Items saved from this article

This article has been saved
Highlights (0)
Some of your highlights are legacy items.

Highlights saved before July 30, 2012 will not be displayed on their respective source pages.

You can easily re-create the highlights by opening the book page or article, selecting the text, and clicking “Highlight.”

Citations (0)
Some of your citations are legacy items.

Any citation created before July 30, 2012 will labeled as a “Cited page.” New citations will be saved as cited passages, pages or articles.

We also added the ability to view new citations from your projects or the book or article where you created them.

Notes (0)
Bookmarks (0)

You have no saved items from this article

Project items include:
  • Saved book/article
  • Highlights
  • Quotes/citations
  • Notes
  • Bookmarks
Notes
Cite this article

Cited article

Style
Citations are available only to our active members.
Buy instant access to cite pages or passages in MLA, APA and Chicago citation styles.

(Einhorn, 1992, p. 25)

(Einhorn 25)

1. Lois J. Einhorn, Abraham Lincoln, the Orator: Penetrating the Lincoln Legend (Westport, CT: Greenwood Press, 1992), 25, http://www.questia.com/read/27419298.

Cited article

Royalty and Diplomacy; Saudi Prince Gets Both Jobs Done
Settings

Settings

Typeface
Text size Smaller Larger Reset View mode
Search within

Search within this article

Look up

Look up a word

  • Dictionary
  • Thesaurus
Please submit a word or phrase above.
Print this page

Print this page

Why can't I print more than one page at a time?

Help
Full screen

matching results for page

    Questia reader help

    How to highlight and cite specific passages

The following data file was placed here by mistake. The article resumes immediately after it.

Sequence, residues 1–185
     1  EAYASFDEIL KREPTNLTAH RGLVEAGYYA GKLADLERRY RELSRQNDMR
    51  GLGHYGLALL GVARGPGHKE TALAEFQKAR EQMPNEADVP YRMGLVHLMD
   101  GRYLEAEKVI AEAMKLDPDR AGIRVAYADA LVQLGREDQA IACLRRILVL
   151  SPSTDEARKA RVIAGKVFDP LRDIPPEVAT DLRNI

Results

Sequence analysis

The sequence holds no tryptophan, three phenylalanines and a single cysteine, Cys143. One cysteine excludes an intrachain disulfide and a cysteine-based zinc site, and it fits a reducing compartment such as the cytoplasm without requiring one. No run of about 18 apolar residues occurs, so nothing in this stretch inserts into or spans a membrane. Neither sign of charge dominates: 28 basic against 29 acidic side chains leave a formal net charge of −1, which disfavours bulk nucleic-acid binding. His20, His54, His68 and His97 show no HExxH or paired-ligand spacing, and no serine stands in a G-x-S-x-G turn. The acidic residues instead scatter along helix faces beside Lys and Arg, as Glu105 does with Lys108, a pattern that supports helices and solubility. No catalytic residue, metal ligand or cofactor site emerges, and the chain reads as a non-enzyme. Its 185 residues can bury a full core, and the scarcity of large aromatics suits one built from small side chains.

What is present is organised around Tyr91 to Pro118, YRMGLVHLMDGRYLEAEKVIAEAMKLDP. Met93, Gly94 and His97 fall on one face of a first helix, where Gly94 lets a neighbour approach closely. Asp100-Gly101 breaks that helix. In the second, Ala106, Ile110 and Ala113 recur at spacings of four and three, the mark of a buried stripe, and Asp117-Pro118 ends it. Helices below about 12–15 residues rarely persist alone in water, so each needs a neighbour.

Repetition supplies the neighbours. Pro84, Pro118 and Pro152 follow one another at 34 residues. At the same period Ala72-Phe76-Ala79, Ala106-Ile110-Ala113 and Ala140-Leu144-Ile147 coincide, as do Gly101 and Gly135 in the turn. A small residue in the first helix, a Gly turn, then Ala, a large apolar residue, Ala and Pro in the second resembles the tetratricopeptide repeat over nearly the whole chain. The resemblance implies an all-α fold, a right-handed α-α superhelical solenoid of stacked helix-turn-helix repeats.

1. Click or tap the first word you want to select.
    2. Click or tap the last word you want to select, and you’ll see everything in between get selected.
    3. You’ll then get a menu of options like creating a highlight or a citation from that passage of text.

    OK, got it!

    Cited passage

    Style
    Citations are available only to our active members.
    Buy instant access to cite pages or passages in MLA, APA and Chicago citation styles.

    "Portraying himself as an honest, ordinary person helped Lincoln identify with his audiences." (Einhorn, 1992, p. 25).

    "Portraying himself as an honest, ordinary person helped Lincoln identify with his audiences." (Einhorn 25)

    "Portraying himself as an honest, ordinary person helped Lincoln identify with his audiences."1

    1. Lois J. Einhorn, Abraham Lincoln, the Orator: Penetrating the Lincoln Legend (Westport, CT: Greenwood Press, 1992), 25, http://www.questia.com/read/27419298.

    Cited passage

    Thanks for trying Questia!

    Please continue trying out our research tools, but please note, full functionality is available only to our active members.

    Your work will be lost once you leave this Web page.

    Buy instant access to save your work.

    Already a member? Log in now.

    Oops!

    An unknown error has occurred. Please click the button below to reload the page. If the problem persists, please try again in a little while.